• Fourth rule - Follow basic guideline of storytelling – narrative arc or story arc
  • Fifth rule - Allow your personalities to shine through – people you work with are fun, but the marketing seems a bit stiff
  • Sixth rule - Be creative, be descriptive – your opportunity to distinguish yourself
  • Ideally, all forms of media! Transmedia storytelling – web video, print, website, blog, podcast, etc. - ensure consistency of message
  • Use the channels that already work for you, but be open to exploring other channels
  • Ingrained into who we are as humans. Has scientific explanation. Works! e.g. Pepsi, Shangri La, Google, etc.
  • Stories humanize us and help us form connections. In a world where human connections help us accomplish everything, storytelling is the most effective way for us to succeed, whatever we’re trying to accomplish.
  • Storytelling in business

    1. 1. What is storytelling in business?
    2. 2. It’s not gossip
    3. 3. It’s creating action & change
    4. 4. The audience can be clients, peers, employees, collaborators, business partners and media channels. In short, everyone.
    5. 5. Storytelling example: A computer company tells a story to its channel partners about why they created a new product or service.
    6. 6. Storytelling example: A company creates a story for media outlets about how a new strategy resulted in top line revenue growth.
    7. 7. Storytelling can be used across disciplines. Marketing, leadership, communications, sales, HR, organizational development, etc.
    8. 8. Storytelling spans media types: web videos, blogs, podcasts, branded content.
    9. 9. Who tells stories? All these companies, and more.
    10. 10. Example: Pepsi used the Uncle Drew series of branded content to popularize Pepsi Max.
    11. 11. Example: Google’s Parisian Love Ad crammed 10 product features into a video less than a minute long, without mentioning the features at all.
    12. 12. Why use storytelling?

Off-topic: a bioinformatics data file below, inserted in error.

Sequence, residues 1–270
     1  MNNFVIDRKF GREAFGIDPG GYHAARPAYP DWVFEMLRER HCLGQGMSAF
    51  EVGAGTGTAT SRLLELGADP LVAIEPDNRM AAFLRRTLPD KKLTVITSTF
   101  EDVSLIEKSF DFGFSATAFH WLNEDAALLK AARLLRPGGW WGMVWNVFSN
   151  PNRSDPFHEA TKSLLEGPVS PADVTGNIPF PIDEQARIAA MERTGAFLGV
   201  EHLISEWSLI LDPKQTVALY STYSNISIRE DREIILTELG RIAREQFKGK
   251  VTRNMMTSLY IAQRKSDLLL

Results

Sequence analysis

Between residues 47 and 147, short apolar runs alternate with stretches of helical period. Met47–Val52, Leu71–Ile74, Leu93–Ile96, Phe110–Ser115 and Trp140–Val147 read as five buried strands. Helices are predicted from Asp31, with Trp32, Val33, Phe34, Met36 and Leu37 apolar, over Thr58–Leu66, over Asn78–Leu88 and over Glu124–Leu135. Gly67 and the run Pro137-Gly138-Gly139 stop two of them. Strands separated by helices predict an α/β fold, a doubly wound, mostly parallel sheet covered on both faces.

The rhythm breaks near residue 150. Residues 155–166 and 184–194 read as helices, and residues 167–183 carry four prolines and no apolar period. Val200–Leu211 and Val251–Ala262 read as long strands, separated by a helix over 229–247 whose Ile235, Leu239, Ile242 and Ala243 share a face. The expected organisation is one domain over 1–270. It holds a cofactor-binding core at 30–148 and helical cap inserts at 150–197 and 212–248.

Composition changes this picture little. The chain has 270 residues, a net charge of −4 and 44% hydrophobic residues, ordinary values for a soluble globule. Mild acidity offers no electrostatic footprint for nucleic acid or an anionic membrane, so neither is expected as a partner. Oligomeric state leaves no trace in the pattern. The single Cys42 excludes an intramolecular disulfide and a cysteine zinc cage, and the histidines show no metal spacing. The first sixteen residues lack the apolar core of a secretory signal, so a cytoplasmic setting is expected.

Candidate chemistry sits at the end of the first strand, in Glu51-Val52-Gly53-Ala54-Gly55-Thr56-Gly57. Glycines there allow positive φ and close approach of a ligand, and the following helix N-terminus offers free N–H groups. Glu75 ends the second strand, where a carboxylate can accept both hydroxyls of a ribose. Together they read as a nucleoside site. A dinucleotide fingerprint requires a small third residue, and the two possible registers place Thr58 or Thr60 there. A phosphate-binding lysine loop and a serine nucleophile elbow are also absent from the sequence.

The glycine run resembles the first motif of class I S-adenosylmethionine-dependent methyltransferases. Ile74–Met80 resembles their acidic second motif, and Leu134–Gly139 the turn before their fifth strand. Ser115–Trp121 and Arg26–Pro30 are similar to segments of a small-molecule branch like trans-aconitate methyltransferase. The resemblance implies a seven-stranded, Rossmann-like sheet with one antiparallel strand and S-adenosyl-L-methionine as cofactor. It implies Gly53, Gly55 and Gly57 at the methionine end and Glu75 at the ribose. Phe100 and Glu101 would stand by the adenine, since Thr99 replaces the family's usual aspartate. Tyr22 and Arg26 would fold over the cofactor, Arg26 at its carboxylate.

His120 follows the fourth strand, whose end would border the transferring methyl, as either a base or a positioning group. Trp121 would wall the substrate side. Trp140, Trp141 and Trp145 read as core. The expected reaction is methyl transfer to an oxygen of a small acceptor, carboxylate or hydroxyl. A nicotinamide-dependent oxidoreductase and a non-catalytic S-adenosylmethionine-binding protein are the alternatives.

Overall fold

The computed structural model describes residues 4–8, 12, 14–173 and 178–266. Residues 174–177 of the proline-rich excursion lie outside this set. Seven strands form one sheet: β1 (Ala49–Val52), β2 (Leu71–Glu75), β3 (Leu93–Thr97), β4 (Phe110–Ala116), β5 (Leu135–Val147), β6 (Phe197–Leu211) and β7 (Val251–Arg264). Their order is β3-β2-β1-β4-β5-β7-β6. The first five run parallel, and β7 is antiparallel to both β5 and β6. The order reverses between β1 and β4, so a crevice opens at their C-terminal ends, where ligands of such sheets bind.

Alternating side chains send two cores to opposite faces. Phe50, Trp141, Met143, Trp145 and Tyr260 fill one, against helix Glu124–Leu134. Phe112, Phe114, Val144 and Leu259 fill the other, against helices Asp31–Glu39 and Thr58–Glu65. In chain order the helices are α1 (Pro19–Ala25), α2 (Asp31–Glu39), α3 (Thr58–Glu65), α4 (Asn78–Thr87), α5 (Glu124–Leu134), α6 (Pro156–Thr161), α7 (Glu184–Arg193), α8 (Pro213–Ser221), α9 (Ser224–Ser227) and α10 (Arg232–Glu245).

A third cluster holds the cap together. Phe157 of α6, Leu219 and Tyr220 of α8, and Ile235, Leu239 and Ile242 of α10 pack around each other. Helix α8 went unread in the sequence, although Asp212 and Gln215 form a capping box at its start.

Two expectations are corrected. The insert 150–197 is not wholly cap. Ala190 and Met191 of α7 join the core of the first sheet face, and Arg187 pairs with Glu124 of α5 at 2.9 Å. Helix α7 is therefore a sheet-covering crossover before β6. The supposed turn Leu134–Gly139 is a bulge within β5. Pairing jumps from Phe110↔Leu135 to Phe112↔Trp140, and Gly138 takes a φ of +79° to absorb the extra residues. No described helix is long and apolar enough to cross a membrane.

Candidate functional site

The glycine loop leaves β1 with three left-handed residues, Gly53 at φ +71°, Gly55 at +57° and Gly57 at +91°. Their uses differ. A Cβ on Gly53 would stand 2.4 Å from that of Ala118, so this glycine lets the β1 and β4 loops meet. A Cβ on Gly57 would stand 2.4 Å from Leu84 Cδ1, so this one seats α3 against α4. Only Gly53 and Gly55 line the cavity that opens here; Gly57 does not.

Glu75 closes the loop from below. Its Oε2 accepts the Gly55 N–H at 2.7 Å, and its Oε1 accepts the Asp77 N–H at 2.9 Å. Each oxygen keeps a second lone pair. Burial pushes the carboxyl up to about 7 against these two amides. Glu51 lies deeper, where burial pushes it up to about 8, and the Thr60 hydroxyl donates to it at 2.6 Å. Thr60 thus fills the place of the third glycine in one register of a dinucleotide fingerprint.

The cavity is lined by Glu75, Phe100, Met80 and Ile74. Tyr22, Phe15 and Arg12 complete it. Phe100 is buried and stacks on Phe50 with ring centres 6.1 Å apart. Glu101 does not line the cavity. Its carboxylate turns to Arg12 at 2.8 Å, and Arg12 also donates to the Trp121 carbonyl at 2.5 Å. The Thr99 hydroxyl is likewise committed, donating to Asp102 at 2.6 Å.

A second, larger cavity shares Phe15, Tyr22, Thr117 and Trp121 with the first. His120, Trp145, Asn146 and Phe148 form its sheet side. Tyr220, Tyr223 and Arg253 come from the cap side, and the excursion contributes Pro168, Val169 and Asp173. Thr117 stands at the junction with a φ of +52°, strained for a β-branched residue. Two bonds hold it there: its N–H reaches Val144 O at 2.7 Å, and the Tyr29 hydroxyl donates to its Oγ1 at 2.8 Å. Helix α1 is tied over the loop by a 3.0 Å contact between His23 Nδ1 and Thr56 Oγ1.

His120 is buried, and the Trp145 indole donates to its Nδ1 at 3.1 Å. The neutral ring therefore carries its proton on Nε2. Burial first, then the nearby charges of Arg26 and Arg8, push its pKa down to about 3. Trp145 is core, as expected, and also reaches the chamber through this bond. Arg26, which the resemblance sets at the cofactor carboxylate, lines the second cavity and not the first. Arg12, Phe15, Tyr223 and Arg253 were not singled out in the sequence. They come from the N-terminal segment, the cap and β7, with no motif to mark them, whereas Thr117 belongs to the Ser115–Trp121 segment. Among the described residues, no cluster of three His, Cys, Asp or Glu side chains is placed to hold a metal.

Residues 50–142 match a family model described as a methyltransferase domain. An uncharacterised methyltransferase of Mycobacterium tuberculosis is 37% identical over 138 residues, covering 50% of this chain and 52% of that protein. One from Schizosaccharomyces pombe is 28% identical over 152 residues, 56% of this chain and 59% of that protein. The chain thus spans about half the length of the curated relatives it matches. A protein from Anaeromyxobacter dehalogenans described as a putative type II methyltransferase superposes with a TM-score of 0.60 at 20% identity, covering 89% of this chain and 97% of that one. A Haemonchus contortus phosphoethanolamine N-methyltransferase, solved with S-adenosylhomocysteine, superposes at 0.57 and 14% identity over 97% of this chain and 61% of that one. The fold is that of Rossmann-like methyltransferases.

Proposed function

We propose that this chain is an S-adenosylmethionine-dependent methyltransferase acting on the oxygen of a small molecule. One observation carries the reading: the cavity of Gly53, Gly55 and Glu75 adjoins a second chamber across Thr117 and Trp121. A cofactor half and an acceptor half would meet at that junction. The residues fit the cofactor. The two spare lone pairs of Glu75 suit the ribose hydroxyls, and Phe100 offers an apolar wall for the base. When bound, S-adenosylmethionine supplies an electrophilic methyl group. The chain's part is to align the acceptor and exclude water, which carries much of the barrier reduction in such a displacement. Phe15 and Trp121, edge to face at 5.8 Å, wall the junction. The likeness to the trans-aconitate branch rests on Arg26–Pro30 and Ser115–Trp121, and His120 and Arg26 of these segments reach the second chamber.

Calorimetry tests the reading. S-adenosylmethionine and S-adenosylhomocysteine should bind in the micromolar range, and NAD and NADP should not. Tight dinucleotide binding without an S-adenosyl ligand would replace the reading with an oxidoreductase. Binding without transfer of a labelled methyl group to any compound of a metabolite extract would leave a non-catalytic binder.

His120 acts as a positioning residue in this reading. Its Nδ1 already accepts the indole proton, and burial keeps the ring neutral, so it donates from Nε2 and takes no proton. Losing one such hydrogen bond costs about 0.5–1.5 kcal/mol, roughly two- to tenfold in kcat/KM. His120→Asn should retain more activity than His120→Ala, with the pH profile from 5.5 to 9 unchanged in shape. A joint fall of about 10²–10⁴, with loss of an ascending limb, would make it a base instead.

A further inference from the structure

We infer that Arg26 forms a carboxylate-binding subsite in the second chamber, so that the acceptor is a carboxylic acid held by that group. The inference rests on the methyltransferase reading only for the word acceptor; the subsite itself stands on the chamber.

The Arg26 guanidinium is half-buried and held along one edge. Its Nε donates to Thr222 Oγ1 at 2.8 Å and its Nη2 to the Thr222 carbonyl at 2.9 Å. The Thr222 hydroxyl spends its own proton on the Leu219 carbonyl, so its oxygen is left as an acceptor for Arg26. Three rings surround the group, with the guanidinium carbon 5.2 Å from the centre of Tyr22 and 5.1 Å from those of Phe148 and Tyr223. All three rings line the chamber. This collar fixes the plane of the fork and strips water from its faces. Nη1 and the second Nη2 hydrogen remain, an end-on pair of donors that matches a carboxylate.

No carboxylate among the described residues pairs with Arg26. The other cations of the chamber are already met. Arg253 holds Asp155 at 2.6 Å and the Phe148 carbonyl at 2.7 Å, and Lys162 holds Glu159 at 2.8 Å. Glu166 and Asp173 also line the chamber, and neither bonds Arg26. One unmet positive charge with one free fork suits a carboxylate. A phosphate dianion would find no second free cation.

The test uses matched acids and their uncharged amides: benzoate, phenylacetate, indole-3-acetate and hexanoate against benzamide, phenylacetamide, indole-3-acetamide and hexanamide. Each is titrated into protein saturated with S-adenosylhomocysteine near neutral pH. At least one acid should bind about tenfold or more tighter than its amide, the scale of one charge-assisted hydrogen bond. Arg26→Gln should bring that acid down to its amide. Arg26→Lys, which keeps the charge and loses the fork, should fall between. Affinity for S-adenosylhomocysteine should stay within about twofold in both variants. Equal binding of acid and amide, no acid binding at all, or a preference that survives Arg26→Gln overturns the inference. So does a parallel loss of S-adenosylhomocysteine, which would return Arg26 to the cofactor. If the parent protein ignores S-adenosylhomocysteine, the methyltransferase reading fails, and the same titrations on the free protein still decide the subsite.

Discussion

13. 13. It works!
    14. 14. Pepsi Max has over 70M YouTube views for their branded content.
    15. 15. Malaysia Airlines rolled out fastest e-ticketing implementation for a major airline using storytelling.
    16. 16. Cultural Ubiquity Stories exist in every society and transcend racial identity, ideologies, philosophies and religious beliefs.
    17. 17. History Stories have been told visually for tens of thousands of years. e.g. El Castillo paintings in Spain, Lascaux in France.
    18. 18. Historical significance Oral storytelling traditions have existed since the dawn of humankind to transfer knowledge, to teach lessons….
    19. 19. …and yes, to sell stuff.
    20. 20. Socio-cultural constant Storytelling is weaved into who we, as humans are, and is important for passing down traditions and norms.
    21. 21. Scientific explanation Broca and Wernicke’s areas in the brain are related to production and comprehension of words. Powerpoint and hard facts activate these areas…..
    22. 22. ….but when subjects hear stories, other parts of brain are activated. e.g. Motor cortex activated when active event is described, sensory cortex activated when descriptive metaphors are used.
    23. 23. Stories influence listeners In famous experiment at Princeton University, brain pattern of listeners was identical to storyteller’s when she told them a story! The point is….
    24. 24. So what are the implications of this research?
    25. 25. We can use stories to motivate behavior.
    26. 26. We can use descriptive and interesting stories to engage our audience and create a strong identity for our businesses.
    27. 27. We can use stories to give meaning to numbers.
    28. 28. We can use stories to lead more effectively.
    29. 29. What kinds of stories can we tell?
    30. 30. Possible story topics: Solving a problem Reason for action Special events Your history or future Your unique people ...tons more
    31. 31. How do we tell good stories? 6 simple rules
    32. 32. 1. Know your audience and tailor your story to them.
    33. 33. “Most people don’t listen with the intent to understand; they listen with the intent to reply” Stephen Covey Avoid doing this!
    34. 34. 2. Be authentic and truthful.
    35. 35. 3. KISS (Keep it simple and sweet). No need to be complex or try to be epic.
    36. 36. 4. Follow the Story Arc, which is a great basic framework for storytelling.
    37. 37. 5. Allow your personality to shine through – in short, be you.
    38. 38. 6. Be creative and take some risks. Try new things in your storytelling to differentiate yourself.
    39. 39. What do we tell our stories with?
    40. 40. Ideally, all forms of media! Web video, print, website, blog, podcast, etc. Key is to have a consistent story.
    41. 41. Use the channels that already work for you, but be open to exploring other channels.
    42. 42. Why use storytelling?
    43. 43. Stories humanize us and help us form connections. In a world where human connections help us accomplish everything, storytelling is the most effective way for us to succeed, whatever we’re trying to accomplish.